Sermon January 5, 2020

Princeton Presbyterian Church (EPC) Sermon # 1426

January 5, 2020 1 John 1.1-10

Dr. Ed Pettus

(This is an extended outline, not a verbatim transcript.)

 

“The Word of Life”

 

That which was from the beginning, which we have heard, which we have seen with our eyes, which we looked upon and have touched with our hands, concerning the word of life— 2 the life was made manifest, and we have seen it, and testify to it and proclaim to you the eternal life, which was with the Father and was made manifest to us— 3 that which we have seen and heard we proclaim also to you, so that you too may have fellowship with us; and indeed our fellowship is with the Father and with his Son Jesus Christ. 4 And we are writing these things so that our joy may be complete.

5 This is the message we have heard from him and proclaim to you, that God is light, and in him is no darkness at all. 6 If we say we have fellowship with him while we walk in darkness, we lie and do not practice the truth. 7 But if we walk in the light, as he is in the light, we have fellowship with one another, and the blood of Jesus his Son cleanses us from all sin. 8 If we say we have no sin, we deceive ourselves, and the truth is not in us. 9 If we confess our sins, he is faithful and just to forgive us our sins and to cleanse us from all unrighteousness. 10 If we say we have not sinned, we make him a liar, and his word is not in us.

 

  • From the Beginning

 

With every new year we think, even if just for a moment, about new beginnings. Most people have good intentions to start anew with whatever resolutions are proposed. With God, we always have opportunity for a new beginning. With each confession, with every worship opportunity, with every engagement in the Word, we have a new beginning possible. John speaks of a beginning, “from the beginning”, and his beginning is with Jesus Christ. In the gospel of John the beginning is all the wayu back to the Genesis beginning. I think John liked beginnings.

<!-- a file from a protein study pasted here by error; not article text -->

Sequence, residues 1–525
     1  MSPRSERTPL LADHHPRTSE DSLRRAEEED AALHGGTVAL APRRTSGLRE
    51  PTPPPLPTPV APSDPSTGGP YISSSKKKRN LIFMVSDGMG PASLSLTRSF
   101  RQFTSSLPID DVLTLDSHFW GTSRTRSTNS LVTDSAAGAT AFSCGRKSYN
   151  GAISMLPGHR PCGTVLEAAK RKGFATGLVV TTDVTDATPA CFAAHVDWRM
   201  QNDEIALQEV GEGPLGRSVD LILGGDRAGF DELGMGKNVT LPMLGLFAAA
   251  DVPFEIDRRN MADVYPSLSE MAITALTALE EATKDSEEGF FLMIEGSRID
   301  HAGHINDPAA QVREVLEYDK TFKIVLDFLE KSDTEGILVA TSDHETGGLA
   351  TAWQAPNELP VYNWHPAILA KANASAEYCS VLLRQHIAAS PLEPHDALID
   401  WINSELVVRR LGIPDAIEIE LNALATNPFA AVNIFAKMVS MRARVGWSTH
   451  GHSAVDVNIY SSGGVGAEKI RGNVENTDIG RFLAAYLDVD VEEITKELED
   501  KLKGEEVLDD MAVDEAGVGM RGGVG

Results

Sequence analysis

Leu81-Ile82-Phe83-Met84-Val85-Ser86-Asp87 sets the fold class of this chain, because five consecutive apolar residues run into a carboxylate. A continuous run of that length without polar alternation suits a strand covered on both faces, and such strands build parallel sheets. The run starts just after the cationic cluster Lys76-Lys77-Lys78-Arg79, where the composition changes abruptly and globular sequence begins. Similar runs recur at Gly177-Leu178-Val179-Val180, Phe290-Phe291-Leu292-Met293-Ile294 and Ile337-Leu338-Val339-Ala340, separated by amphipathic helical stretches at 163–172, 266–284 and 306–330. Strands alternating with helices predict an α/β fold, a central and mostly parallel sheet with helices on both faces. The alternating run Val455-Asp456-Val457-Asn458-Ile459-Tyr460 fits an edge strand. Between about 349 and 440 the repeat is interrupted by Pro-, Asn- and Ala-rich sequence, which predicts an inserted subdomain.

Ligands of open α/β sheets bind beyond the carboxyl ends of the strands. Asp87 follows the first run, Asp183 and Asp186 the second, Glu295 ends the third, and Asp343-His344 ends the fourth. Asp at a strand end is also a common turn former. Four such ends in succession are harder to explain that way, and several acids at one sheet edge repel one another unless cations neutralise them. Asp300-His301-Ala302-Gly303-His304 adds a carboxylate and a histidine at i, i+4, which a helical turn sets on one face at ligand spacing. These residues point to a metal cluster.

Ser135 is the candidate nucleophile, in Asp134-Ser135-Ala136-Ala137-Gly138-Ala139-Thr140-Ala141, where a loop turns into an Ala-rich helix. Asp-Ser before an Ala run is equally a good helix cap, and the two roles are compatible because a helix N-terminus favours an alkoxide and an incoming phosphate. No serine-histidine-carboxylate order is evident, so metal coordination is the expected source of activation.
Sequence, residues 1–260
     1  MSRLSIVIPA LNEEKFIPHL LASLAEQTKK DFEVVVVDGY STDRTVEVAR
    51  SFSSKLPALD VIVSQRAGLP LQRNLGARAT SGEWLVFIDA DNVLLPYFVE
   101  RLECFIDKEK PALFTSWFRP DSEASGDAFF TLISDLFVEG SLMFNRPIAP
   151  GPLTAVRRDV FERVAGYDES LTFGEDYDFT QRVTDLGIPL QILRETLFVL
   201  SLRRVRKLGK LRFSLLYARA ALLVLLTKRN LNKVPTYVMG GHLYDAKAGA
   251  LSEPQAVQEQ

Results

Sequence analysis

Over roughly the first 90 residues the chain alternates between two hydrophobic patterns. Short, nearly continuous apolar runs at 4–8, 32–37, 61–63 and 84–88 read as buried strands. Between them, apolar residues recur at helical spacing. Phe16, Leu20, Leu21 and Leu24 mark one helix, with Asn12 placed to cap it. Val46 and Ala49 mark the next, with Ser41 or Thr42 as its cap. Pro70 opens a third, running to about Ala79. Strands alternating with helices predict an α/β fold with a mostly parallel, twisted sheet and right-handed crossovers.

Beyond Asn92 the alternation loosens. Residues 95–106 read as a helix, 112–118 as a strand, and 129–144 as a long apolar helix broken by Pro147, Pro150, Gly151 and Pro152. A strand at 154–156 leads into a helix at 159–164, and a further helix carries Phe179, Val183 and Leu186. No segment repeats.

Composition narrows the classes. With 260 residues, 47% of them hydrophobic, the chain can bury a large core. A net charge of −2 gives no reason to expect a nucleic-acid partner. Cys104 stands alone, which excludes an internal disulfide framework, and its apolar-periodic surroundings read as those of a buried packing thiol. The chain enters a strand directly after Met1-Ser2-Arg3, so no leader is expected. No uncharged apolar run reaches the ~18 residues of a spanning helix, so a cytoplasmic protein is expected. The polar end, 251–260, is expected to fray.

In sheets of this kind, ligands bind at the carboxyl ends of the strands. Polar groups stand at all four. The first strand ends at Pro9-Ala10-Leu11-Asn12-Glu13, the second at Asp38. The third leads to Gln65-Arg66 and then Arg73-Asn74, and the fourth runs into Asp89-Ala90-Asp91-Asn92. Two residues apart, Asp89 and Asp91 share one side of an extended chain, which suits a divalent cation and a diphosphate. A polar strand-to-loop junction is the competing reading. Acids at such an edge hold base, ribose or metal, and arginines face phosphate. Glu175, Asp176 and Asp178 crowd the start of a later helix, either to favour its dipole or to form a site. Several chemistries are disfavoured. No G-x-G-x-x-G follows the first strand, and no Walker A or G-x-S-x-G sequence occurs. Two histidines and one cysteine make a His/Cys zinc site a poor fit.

John begins here much like the gospel of John, “In the beginning was the word and the word was with God and the word was God.” 1 John begins, “That which was from the beginning.” The beginning here is the beginning of John’s contact with Jesus Christ, he is sharing the beginning of Christ’s ministry on this earth. That is where life truly begins, when we come to know Jesus Christ as Lord and Savior.

Everything is new in Jesus. Everything is fresh and abundant and a new creation (2 Cor 5.17). It reminds me of Paul’s words in Galatians 2.20, “I have been crucified with Christ. It is no longer I who live, but Christ who lives in me. And the life I now live in the flesh I live by faith in the Son of God, who loved me and gave himself for me.” It is particularly the phrase, “the life I now live”. The beginning of life is with Jesus.

 

  • Our Testimony

 

It is this life with Jesus from which our testimony of life comes. John is sharing the life that he has seen with Jesus. We see this in the four verbs to open the letter... “which we have heard, which we have seen with our eyes, which we looked upon and have touched with our hands.” John is giving testimony like one would do in a court of law. He has had this tremendous experience of actually having been with Jesus on this earth in a physical, visual, and auditory manner. He heard him speak. He saw him heal blind people. He was touched on the shoulder. He shook Jesus’ hand. He shared meals and journeys and probably lots of humor. That is, John lived with Jesus as friend and disciple. He lived with the very word of life. He rubbed shoulders with the Word that became flesh and blood. So John is telling us his story and he tells his experience partly to bring us into the story as well.

Did you now see? Did you now hear? This is what the testimony does for us; it brings us into the story of Jesus. We too are able now to tell of what we have seen and heard and looked upon concerning the Word of Life. I left out John’s experience of touching Jesus in that we do not share that physical reality, but what we do share is that Jesus has touched us in another way like He touched John, in the Spirit. In that sense we have been touched and have touched the Savior.

 

 

  • The Word of Life